About "Beat It" video: "Well, when I wrote 'Beat It' - I don't know why, but I did - about, you know, two gangs coming together and the song is so self-explanatory that it's so easy to make this short film. And I'd seen - I think it was a McDonald's commercial - and I said: "God, I like the rhythm and the cut of this commercial." I said, "I want this director for this piece." So I reached out to him."

When asked what makes a great video: "In my opinion, it has to be completely entertaining and have a sense of, a linear sense of continuity."

Talking about "Thriller": "Hi, I'm Michael Jackson. My idea was to make this short film with conversation ... in the beginning - I like having a beginning and a middle and an ending, which would follow a story. I'm very much involved in complete making and creating of the piece. It has to be, you know, my soul. Usually, you know, it's an interpretation of the music."

About John Landis: "I love working with John Landis cause we laugh a lot. We are never serious on the set. [laughs] So it's fun working with John. I used to throw water balloons, and stink bombs and everything at him. That's a ritual for me. After we rap up each video, I throw a lot of stuff at everybody. [smiling] So that's funny."

About Vincent Price's contribution to the "Thriller" video: "That was one of the first raps, actually. I've known Vincent Prince since I was 11. He did a great job. The first time I met him, it was at NBC studios. He said, "Come here!" like that [MJ pointing his finger], in his kinda gruesome voice, and I started to cry because I was - I thought he was serious. I used to see him by turning the channels and those kinda things. I think he was in "Raven" and "House Of Wax" or something, so he scared me.

About the zombies appearing in "Thriller": "I like the scene when all these zombies are coming toward us and she thinks she's safe with me, you know, being her boyfriend, and she looks over to me and I become one. And then we do these famous fall in and pull out movements. The Hitchcock move. And I love that moment. I remember my original approach was how do you make the zombies and monsters dance without being comical. So I got in a room with Michael Peters. He and I together kind of imagined how zombies should move. I thought it should start, you know, like - that kind of thing [miming the dance], going into this kind of jazzy stuff."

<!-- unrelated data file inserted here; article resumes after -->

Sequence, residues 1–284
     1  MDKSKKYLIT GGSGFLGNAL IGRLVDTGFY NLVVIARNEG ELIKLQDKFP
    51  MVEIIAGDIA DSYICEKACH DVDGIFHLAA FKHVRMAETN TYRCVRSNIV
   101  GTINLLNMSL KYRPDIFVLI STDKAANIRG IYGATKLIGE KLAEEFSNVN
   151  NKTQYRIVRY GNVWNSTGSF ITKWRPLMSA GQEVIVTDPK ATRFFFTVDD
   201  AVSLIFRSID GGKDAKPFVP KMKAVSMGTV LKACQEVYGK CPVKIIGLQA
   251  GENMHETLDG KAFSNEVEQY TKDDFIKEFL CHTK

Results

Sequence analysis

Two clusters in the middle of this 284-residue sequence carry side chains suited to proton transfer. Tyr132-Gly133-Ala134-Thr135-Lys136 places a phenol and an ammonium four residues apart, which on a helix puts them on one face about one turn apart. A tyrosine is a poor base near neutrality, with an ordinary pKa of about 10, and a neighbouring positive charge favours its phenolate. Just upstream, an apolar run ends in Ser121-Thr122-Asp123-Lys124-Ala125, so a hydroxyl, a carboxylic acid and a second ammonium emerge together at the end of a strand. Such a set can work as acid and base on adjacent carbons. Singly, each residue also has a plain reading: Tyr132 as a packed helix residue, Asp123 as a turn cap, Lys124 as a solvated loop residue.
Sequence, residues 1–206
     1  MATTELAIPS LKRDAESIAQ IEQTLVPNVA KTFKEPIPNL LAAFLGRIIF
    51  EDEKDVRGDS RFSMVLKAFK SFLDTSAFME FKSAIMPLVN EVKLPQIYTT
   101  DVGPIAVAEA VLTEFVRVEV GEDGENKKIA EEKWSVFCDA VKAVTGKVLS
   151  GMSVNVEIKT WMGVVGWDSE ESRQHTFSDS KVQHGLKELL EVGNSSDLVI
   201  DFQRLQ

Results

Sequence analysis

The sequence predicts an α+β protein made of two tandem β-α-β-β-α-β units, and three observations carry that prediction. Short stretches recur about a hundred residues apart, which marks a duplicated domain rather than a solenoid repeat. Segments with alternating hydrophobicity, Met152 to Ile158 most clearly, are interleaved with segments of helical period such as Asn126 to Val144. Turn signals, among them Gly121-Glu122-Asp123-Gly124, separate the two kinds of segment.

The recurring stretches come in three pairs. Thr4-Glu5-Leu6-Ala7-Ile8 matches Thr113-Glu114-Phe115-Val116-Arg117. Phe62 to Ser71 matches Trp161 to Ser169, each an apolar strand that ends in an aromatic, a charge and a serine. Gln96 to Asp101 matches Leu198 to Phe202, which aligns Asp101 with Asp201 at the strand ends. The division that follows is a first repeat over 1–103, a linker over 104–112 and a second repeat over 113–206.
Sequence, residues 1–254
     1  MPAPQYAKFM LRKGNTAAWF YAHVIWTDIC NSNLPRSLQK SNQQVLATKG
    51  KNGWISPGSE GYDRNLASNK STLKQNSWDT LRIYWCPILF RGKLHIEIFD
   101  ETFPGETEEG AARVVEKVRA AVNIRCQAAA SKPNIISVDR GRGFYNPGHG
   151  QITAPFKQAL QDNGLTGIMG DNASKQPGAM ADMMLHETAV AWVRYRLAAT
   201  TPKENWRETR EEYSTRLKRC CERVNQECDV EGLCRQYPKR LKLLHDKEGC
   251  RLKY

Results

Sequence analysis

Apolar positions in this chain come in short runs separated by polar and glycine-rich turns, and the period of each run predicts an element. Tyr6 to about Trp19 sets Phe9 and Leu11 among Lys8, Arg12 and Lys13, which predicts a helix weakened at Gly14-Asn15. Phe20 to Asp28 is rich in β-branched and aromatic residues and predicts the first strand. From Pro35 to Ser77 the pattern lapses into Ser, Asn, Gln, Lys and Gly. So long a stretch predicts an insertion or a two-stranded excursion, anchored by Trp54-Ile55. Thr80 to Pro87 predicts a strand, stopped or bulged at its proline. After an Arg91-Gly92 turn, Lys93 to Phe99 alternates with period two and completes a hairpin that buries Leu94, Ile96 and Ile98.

About creating videos [version I]: * The idea is to take it a step forward and to innovate or else why am I doing it? I'm just - I don't wanna be just another can in the assembly line. You know, I want to create, do something that's totally different and unusual.

About creating videos [version II]: * "You know, I want to, you know, create, do something that's totally different and unusual, to take it a step forward and to innovate, or else, why am I doing it? I knew if we did something with substance and content that people would watch and it had a great entertainment value and if it held you, I knew it'd be okay."

* [MTV aired 2 different versions of Michael's comments about creating videos. One version during the original broadcast and another during rebroadcast.


The TV Guide Interview Dec 1999

TV Guide:"Thriller" changed music videos forever. Where did you get the idea?
Michael Jackson: My brother Jackie came to my house and said, "Are you watching this show that's on TV? All they do is play music. It's MTV." I put it on and thought the concept was very interesting. What I didn't like were the videos that were a collage of images; I thought that if I were to do one, I would do something with a beginning, a middle and an ending, like a short film.